Can the Fed Really Raise Rates?
On August 5th, the Labor Department reported a second straight month of better-than-expected gains in the job market. Investors cheered as this report was a welcome sign that the economy was continuing its expansion and a recession was not imminent. Unfortunately, this report triggered concerns that it may force the Federal Reserve to raise interest rates. Because the global economy is still fragile, we do not expect the Fed to raise rates anytime soon.
The Labor Department’s non-farm payrolls report showed a strong labor market. The report revealed employers added 255,000 jobs in July, far exceeding consensus expectations, and the unemployment rate remained a low 4.9%. While this report was a good sign for the economy, it did suggest that the Fed would be more likely to raise interest rates. According to Bloomberg, as of August 10th, the probability that the Fed raises interest rates is as follows for the next three meetings: September 21st (22% probability of a rate increase), November 2nd (23.7%), and December 14th (41.9%).
Although the financial markets suggest an almost 42% chance of the Fed raising rates this year, we believe the Fed is unlikely to raise rates this year for a variety of reasons. First, inflation remains extremely low. Yes, there have been recent signs of wage inflation, however, overall inflation remains modest. Second, a rise in interest rates would likely cause the US dollar to appreciate, hurting US exports. Third, raising interest rates during an election year could impact the results. Lastly, we do not believe the global economy is on a solid enough footing to withstand an increase in interest rates. While the first three reasons are fairly straightforward, let’s turn our attention to the global economy.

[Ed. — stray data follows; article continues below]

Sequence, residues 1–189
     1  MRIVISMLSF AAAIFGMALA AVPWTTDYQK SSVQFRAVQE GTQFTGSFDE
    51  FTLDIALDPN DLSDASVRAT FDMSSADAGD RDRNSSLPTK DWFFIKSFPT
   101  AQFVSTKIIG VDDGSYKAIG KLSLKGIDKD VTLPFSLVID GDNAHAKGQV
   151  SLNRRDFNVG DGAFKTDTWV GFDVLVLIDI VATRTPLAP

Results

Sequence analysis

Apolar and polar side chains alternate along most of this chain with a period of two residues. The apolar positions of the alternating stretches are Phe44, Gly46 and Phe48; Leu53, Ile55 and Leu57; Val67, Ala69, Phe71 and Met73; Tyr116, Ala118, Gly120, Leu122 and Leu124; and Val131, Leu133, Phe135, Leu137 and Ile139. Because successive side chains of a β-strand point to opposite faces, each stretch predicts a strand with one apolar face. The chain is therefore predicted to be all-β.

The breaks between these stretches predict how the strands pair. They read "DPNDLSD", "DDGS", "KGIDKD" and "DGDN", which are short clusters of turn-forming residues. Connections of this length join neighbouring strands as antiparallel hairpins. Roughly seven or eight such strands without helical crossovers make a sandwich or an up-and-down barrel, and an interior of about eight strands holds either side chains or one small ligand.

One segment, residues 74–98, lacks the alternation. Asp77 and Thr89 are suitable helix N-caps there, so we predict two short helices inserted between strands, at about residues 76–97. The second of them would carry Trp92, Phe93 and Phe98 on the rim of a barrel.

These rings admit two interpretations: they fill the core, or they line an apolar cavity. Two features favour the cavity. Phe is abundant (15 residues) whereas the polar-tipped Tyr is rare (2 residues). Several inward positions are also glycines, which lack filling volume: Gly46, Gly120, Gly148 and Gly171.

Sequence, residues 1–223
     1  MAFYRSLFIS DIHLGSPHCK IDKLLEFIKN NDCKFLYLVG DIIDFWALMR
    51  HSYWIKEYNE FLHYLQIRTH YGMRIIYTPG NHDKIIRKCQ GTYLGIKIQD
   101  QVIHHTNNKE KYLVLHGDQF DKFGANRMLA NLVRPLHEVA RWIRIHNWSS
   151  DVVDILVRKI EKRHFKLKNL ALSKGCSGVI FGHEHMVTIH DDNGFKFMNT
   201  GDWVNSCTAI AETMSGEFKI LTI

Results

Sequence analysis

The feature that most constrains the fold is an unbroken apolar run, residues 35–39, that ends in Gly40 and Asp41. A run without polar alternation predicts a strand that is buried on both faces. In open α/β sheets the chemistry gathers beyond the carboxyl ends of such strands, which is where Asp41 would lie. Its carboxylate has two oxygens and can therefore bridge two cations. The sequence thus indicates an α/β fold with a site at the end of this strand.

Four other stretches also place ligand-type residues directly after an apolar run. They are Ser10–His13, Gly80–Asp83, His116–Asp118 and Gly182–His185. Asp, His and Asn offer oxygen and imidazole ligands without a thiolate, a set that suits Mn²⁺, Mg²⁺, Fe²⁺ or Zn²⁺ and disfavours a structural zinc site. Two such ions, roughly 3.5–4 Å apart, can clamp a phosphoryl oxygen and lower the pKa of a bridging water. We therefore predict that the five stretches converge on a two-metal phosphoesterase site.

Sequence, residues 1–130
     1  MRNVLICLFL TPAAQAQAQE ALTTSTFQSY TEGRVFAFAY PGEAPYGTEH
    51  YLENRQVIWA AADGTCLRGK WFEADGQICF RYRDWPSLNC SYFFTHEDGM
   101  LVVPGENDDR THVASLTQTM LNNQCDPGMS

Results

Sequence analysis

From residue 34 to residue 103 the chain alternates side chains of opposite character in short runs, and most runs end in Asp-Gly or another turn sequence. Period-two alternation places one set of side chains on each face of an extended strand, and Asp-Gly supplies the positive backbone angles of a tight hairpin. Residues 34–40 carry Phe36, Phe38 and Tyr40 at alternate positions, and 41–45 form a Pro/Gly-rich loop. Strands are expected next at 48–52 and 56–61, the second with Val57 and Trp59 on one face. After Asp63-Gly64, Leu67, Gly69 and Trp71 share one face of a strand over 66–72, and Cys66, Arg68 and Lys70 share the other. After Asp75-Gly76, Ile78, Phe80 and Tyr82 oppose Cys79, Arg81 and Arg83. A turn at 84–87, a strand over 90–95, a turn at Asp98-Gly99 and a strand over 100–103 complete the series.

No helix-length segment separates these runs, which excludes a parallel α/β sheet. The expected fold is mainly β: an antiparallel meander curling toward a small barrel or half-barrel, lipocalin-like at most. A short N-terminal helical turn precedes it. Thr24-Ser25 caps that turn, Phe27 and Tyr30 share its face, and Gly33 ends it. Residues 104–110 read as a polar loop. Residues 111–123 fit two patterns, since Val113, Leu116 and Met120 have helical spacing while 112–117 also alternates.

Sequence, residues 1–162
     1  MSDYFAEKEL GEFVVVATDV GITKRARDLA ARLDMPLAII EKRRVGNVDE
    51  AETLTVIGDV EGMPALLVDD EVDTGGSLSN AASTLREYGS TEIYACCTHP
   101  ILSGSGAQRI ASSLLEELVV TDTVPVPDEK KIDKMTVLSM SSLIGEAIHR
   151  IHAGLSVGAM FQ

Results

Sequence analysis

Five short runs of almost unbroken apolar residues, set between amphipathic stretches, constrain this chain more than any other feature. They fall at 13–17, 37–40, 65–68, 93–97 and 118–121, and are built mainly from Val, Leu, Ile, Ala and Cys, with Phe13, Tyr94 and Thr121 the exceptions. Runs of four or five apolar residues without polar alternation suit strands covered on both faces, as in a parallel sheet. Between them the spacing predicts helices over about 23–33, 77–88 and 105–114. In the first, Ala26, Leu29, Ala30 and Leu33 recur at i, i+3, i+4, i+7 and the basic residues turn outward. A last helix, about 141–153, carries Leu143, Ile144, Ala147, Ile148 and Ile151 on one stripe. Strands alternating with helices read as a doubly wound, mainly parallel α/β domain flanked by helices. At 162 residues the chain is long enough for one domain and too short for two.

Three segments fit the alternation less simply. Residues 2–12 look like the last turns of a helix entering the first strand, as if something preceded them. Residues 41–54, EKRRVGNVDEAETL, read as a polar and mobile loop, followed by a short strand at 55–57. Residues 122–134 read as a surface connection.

We believe the global economy remains mired in a long-term period of middling growth. U.S. and German factory orders continue to be weighed down by weak global demand. U.S. exports continue to be weak as June’s report showed the lowest reading in 2016, while China reported that imports fell six percent from a year ago period. Finally, global purchasing managers’ indices, which are surveys regarding the state of the economy and have proven to be leading indicators of economic direction, have not shown any signs of significant growth. These are just a sample of recent readings suggesting that the global economy, despite labor market strength, remains in a mediocre growth environment.
The recent employment report suggested to some investors that the global economy is booming. While we acknowledge pockets of strength do exist, such as consumer spending and housing, we do not believe the report is enough to force the Fed to raise rates. The probability has increased, but it remains difficult to raise interest rates due to a lack of inflation pressure, the impact on the dollar, hesitation during an election year, and most importantly, the weak global economy. These all suggest that the Fed is likely to stay on hold for the balance of this year. With this mind, we expect interest rates to trade in a range and expect only a possible slight uptick in bond yields. We would position fixed income allocations with a slight defensive bias (less interest rate sensitivity and an overweight to spread product). Lastly, since we expect the global economy to remain mired in an uneven recovery, data reports are likely to be mixed as investors react either positively or negatively. We would incorporate alternative investments in portfolios to help mitigate against potential market volatility.
This report is created by Cetera Investment Management LLC
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